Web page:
Springtime is the best time to give a home a fresh coat of paint, according to the Paint Quality Institute.
“By painting in moderate weather, you’ll likely get a longer-lasting paint job,” says Debbie Zimmer, paint and color expert for the Paint Quality Institute. Zimmer says that exterior painting is best to do when temperatures are above 50 degrees Fahrenheit, but not when it gets too hot. “Very hot days can cause the paint to dry too quickly and impair good paint film formation,” she notes.
Some more tips for exterior painting from Zimmer:
Paint in the shade and avoid painting in direct sunshine. Sunlit surfaces can be 10 to 20 degrees hotter than the air temperature.
Don’t paint when it’s too windy. Wind can cause latex paint to dry too quickly as well as cause dust and other contaminates to imbed in the paint, possibly creating a surface ripe for mildew, Zimmer says.
Avoid the rain. Wait for another day if it’s rained within the last 24 hours. If several days of rain is forecast, postpone your painting for several days until a rain-free week.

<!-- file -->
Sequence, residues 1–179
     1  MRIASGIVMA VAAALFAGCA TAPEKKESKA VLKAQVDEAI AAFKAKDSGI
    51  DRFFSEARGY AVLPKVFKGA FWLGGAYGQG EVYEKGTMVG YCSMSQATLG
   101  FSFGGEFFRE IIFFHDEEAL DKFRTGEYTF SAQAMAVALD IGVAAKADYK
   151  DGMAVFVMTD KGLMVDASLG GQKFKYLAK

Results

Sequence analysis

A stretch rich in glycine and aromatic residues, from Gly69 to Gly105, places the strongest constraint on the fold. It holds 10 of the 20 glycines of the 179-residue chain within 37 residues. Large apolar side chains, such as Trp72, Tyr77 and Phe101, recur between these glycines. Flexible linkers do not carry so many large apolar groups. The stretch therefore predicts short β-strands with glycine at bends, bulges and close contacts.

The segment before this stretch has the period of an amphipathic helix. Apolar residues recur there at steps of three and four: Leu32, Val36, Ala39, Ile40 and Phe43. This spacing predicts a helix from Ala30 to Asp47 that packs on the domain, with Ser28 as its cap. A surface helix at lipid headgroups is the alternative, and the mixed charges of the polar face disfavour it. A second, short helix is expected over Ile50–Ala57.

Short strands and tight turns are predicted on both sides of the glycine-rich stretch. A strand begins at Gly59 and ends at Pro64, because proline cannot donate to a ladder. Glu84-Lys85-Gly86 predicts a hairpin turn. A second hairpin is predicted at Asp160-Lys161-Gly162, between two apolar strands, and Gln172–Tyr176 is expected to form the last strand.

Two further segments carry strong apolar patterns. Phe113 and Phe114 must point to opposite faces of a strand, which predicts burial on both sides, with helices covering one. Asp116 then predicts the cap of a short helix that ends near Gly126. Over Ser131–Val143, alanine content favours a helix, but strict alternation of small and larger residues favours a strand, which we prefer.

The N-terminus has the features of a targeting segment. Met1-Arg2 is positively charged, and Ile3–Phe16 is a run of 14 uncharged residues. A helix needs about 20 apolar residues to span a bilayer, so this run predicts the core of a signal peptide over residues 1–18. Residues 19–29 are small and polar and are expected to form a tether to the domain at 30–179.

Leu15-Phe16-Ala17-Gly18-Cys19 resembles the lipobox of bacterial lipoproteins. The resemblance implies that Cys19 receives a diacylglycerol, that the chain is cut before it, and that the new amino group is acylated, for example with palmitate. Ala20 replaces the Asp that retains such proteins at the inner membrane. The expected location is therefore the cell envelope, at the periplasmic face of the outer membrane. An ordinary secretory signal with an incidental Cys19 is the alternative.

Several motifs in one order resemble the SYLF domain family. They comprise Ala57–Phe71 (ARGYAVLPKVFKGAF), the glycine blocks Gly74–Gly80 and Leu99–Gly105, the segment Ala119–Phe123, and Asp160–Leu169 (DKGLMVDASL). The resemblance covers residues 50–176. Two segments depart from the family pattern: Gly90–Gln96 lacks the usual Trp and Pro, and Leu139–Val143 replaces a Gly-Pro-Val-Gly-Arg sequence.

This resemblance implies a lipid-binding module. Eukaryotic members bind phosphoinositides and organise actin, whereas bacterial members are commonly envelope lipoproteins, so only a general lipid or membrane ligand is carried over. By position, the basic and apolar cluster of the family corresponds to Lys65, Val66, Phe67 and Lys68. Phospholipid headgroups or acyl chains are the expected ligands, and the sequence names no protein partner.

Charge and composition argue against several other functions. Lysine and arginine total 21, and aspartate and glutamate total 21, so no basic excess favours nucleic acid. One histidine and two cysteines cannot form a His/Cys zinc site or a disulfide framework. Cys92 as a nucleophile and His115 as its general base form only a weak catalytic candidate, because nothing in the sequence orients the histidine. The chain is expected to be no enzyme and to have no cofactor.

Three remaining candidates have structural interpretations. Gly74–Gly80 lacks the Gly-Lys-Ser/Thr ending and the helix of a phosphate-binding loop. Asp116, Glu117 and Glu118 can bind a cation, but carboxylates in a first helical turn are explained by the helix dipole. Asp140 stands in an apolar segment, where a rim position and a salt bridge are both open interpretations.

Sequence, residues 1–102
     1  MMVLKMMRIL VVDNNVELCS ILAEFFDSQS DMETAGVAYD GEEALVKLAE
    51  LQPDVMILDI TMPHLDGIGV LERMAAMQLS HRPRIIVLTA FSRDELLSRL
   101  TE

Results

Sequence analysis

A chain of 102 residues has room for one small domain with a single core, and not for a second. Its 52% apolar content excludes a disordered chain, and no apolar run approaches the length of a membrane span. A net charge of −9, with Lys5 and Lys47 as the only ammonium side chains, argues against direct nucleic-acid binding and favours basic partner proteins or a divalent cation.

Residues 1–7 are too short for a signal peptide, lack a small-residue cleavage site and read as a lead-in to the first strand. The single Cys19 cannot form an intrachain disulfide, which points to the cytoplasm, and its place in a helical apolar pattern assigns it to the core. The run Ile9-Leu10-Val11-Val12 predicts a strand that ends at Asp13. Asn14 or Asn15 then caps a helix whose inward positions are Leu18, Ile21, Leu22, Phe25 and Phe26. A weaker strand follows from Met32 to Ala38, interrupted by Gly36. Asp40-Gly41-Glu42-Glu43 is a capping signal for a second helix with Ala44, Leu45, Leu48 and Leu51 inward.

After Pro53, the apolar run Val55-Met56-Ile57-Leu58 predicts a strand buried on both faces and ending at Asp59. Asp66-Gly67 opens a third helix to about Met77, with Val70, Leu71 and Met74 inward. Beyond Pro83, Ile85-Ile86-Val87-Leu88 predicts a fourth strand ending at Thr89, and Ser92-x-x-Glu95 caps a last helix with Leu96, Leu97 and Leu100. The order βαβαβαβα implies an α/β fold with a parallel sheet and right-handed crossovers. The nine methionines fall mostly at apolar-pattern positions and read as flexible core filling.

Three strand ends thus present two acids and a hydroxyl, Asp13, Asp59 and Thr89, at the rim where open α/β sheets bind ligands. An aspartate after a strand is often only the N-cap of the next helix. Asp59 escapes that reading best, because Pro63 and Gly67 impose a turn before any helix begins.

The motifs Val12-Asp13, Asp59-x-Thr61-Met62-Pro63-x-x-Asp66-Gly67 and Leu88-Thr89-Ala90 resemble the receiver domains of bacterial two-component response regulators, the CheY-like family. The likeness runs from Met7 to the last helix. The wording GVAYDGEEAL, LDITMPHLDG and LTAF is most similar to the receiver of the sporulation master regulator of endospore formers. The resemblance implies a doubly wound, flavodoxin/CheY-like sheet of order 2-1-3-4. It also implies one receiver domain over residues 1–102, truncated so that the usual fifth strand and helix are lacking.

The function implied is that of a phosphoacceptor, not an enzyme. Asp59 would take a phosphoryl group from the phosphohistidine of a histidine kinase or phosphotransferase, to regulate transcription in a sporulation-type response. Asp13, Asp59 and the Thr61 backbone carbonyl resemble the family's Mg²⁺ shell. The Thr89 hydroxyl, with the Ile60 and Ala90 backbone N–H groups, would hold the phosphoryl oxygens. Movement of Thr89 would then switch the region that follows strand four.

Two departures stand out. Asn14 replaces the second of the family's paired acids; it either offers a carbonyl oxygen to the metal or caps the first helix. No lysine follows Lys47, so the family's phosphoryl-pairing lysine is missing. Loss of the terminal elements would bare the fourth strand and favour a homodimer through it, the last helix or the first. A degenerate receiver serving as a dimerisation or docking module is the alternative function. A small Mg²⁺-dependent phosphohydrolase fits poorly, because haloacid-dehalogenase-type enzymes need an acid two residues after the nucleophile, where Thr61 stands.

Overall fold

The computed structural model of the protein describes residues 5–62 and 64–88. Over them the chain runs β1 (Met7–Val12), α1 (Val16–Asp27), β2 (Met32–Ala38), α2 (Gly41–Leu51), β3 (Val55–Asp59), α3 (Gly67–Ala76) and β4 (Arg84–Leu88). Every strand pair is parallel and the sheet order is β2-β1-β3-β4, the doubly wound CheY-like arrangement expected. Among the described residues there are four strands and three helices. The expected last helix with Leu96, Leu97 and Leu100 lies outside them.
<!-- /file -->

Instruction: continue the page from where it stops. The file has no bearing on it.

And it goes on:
Prime the surface. Apply a coat of primer to any new surface that has never been painted, or spot-prime areas where paint has worn away, Zimmer suggests.
Don’t skimp on paint. Use top quality 100 percent acrylic latex paint. It’s durable, flexible, colorfast, and can often last 10 years or more compared to ordinary paint, Zimmer says. To make the paint last even longer, apply at least two coats–a coat of primer and coat of paint, or two coats of house paint, she adds.
Don’t postpone painting. Postponing painting the exterior of a home that is long overdue can actually cause damage to a home. Exposed wood can begin to rot and other types of exterior siding also can suffer when the paint starts to wear off, Zimmer says.